The people of Illinois voted ‘no’ on a proposed tax amendment in Illinois which would enact a new tax system focused on raising taxes of the rich on Nov. 3.
The amendment, heavily supported by some and frowned upon by others, was not put into place by a vote of 55% no and 45% yes. Many of AT’s students who were avid supporters of the amendment expressed their disappointment.
“I do believe that the tax amendment would have been beneficial to Illinois,” said senior Israar Ahmed. “The current flat tax is unfair because while the rate is the same throughout, the amount that a wealthy person pays compared to a person of low income in respect to their wealth is not.”
Junior Cami Whitaker agreed.
“The increased taxes on those making 400k or more a year could be reinvested for a better purpose. I think it could have had a positive impact on the community,” she said.
Despite the arguments in favor of the tax, many Illinois residents disagreed. Several people feared that the amendment would give the state more power to tax the people. Others, like senior Cristal Moreno Aguilar, feared that the taxes on businesses would cost jobs.
“I do not think this amendment would have been a positive addition to our state. Although I believe it had the right intentions, it aims to hurt businesses which will hurt people in the process,” she said. “We already have the Covid-19 situation at hand, so this could add to the economic struggle and further increase unemployment.”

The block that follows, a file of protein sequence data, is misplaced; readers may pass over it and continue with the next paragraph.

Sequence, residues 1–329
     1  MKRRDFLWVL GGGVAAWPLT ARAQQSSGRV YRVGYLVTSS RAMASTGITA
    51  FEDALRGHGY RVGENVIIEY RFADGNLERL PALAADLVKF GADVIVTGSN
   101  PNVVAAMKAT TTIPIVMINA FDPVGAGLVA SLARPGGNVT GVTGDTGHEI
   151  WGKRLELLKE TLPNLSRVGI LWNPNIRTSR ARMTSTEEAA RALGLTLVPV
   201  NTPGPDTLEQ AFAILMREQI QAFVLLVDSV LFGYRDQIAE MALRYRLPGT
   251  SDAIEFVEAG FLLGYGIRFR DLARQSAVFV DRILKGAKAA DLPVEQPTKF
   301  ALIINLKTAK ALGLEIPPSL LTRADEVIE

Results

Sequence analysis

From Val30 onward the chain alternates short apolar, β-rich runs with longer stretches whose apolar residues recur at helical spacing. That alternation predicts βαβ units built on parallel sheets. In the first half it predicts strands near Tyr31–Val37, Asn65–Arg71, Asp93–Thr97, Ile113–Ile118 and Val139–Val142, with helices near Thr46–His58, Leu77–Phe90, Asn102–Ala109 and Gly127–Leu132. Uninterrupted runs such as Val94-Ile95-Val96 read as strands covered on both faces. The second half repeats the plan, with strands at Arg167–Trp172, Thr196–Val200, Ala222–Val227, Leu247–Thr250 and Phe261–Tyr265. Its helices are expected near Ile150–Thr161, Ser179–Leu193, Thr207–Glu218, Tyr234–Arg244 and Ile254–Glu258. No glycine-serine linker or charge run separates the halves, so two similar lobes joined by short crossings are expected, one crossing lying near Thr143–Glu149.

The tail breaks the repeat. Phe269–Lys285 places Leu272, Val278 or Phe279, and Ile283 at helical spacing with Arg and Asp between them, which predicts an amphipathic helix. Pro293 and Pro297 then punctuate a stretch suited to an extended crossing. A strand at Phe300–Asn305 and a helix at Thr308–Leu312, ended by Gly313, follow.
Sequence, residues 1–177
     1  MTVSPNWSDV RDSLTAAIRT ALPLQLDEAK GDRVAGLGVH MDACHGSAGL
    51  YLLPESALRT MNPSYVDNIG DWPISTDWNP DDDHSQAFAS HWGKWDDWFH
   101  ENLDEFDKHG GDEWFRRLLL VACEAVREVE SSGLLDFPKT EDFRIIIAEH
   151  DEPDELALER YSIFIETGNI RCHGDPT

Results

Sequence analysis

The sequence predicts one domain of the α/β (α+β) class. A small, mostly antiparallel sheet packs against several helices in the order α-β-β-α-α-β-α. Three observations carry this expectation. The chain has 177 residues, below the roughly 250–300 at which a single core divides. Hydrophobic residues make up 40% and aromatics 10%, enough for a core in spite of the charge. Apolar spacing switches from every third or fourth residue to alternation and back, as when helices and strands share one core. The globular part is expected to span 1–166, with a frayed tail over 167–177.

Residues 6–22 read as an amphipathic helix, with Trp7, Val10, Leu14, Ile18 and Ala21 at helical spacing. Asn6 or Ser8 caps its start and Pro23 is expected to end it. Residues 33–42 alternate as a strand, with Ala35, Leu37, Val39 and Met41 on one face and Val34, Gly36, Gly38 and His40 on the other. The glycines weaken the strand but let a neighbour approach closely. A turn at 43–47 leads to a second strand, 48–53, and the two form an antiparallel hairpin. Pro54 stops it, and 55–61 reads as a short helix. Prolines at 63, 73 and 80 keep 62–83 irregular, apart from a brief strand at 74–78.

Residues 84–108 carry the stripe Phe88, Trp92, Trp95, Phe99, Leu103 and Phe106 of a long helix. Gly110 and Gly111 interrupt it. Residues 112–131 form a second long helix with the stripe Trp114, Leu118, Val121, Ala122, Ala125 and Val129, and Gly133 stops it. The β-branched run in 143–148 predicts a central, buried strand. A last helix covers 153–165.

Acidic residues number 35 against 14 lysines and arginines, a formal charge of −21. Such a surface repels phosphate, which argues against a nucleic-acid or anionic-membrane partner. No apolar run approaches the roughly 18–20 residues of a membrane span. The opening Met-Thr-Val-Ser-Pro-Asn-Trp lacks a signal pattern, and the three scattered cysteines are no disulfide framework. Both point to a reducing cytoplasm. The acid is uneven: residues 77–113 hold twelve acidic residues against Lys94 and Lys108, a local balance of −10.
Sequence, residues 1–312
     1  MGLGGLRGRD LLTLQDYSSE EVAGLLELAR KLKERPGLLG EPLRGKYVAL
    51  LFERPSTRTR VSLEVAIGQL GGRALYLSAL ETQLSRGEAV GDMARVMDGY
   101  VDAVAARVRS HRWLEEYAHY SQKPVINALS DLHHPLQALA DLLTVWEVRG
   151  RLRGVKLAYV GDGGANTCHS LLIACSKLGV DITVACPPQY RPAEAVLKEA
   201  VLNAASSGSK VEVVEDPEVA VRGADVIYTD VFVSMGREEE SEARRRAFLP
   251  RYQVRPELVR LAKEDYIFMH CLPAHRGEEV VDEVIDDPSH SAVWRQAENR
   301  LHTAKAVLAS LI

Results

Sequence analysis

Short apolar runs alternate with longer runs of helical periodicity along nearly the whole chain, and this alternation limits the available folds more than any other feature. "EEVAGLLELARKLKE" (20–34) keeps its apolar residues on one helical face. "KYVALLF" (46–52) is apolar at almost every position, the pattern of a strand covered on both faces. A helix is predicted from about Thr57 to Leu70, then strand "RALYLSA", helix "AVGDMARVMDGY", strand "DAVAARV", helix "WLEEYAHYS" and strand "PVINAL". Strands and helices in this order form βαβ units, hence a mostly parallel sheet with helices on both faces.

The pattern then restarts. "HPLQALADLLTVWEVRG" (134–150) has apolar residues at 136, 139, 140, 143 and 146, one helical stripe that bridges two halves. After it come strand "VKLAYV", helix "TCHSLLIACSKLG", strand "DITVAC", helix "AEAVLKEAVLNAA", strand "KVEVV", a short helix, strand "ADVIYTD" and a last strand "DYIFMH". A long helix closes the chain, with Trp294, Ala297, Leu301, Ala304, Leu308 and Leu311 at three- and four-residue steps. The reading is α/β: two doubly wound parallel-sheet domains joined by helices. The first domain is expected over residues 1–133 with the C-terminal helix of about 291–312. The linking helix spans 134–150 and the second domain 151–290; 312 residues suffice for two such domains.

The fear of unemployment created by the pandemonium of the Covid-19 pandemic may have been one of the main reasons that the tax was not passed. Distrust of governor JB Pritzker and the politicians in Springfield likely also prevented it. Although the governor could not have prevented these two things from playing roles in the amendment’s failure, he may have actually hurt the amendment’s chances of passing when putting millions of his own money towards advertisements promoting the “Fair Tax.”
“Our governor spent a significant amount of money on advertisements displaying the amendment as “The Fair Tax,” but on the ballot voters saw it as an amendment to the constitution and did not realize what it was stating. I worked as an Election Judge and the number one question I received was by voters asking where the “Fair Tax” was on the ballot, because they were massively unaware of its name,” said Ahmed.
Whether it was the confusion, Covid, or skepticism of Springfield that failed the amendment, students all agreed that the failure was significant. Under the tax amendment, the Illinois System would have been more progressive, which is a system that generally sees more support from liberals than conservatives. Illinois typically votes more liberal, which makes the amendment’s result even more notable.
“I think it shows the Illinois Government alot about what the people think,” said senior Anthony Perez.
Although the tight result of the close vote count determines a lot about Illinois and shows a lot about its people, perhaps the biggest takeaway for many was the importance of voting.
“The tight vote reiterates what many people have heard – every vote counts. It is so important to vote because what we decide will have an effect on everybody’s lives,” said Whitaker.
Moreno Aguilar prodded people to remember this message during future elections. She explained that despite the continued belief that one vote can not make a difference, it can.
“It only takes one vote to break a tie, but people tend to forget that,” she said. “You can show your gratitude for being able to make a change, even if it isn’t as big as you’d hoped, by voting. Other countries don’t have this luxury. We do.”
Although most AT students can not yet vote, it will be up to them to determine the results of the next election. It will be up to them to determine whether we change or stay the same. However, in order to make this a reality, they will have to take the initiative to vote. They certainly will.